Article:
• the substrate may be a microscope slide.
  • the first substrate may be made of polymer.
  • it may be made from hydrophobic or hydrophilic polymer, for example the hydrophobic and hydrophilic polymers described herein.
  • the pattern of hydrophilic area(s) defined by hydrophobic boundaries may be formed by any suitable method.
  • One particularly suitable method is etching. Etching is well known, for example in the semiconductor manufacturing industry.
  • the etching method may comprise the following steps:
  • a first layer on the substrate e.g. a layer of hydrophobic material or a layer of hydrophilic material
  • a second layer on top of the first layer (where the first layer is hydrophobic, preferably the second layer is hydrophilic, and vice versa)
  • a resist layer e.g. a photoresist layer
  • removing portions of the resist layer to expose areas of the second layer sometimes referred to as patterning the resist
  • etching the exposed areas of the second layer to expose areas of the first layer and (vi) removing any remaining resist layer.
  • the step of forming a first layer may be omitted.
  • references to the first layer may be interpreted as references to a surface of the substrate.
  • a layer of hydrophobic material may be formed on the hydrophilic substrate, and then etched (e.g. steps (iii) to (vi) above) to expose regions of the hydrophilic substrate.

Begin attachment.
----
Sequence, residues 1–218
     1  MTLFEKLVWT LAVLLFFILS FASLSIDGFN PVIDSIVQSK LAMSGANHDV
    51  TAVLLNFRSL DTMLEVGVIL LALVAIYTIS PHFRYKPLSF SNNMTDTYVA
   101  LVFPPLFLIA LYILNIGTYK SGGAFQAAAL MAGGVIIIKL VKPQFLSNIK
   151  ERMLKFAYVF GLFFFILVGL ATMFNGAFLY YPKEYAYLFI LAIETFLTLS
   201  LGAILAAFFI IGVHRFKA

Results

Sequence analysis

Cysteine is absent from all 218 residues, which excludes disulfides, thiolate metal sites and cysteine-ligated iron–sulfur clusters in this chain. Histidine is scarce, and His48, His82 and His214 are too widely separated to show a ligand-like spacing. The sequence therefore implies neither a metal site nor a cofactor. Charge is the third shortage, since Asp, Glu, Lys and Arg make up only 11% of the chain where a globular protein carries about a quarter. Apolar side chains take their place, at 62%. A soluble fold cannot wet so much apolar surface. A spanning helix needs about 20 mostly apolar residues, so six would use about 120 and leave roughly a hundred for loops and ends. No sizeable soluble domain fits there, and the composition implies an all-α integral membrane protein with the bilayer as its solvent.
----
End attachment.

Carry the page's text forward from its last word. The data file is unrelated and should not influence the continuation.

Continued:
• the first layer may be an oxide layer.
  • it may be formed by oxidation (e.g. thermal oxidation) of a surface of the first substrate.
  • the first layer may be formed by plasma enhanced chemical vapour deposition.
  • Other suitable methods of forming the first layer e.g. a layer of sample liquid wettable material, will be apparent to the skilled person.
  • a suitable thickness for the first layer is about 0.5 ⁇ m to about 1 ⁇ m.
  • the second layer should preferably be deposited substantially evenly over the surface of the first layer. After it is formed, it should preferably be substantially free of gaps exposing the first layer (although of course portions of the first layer may be exposed later in the process). Suitable methods for depositing the second layer include solution spinning (e.g. for Teflon® and CYTOP®), deposition from vapour (e.g. for parylene) and deposition from plasma (e.g. for C 4 F 8 ).
  • the resist layer may be patterned using a mask, for example by exposing the resist layer to radiation (e.g. UV radiation) through a mask.
  • radiation e.g. UV radiation
  • Surfactant may be employed to enhance resist adhesion to the second layer. This is particularly useful when the second layer is strongly hydrophobic, but is not necessary in the case of parylene.
  • the exposed areas of the second layer may be etched by exposure to oxygen plasma. After this, any remaining resist may be removed, for example by dissolving the resist in acetone.
  • the patterning of sample liquid wettable surface region(s) and sample liquid repelling boundaries may be provided by modification regions of the first surface.
  • regions of the hydrophobic material may be treated to make it more hydrophilic, in order to provide the hydrophilic region(s).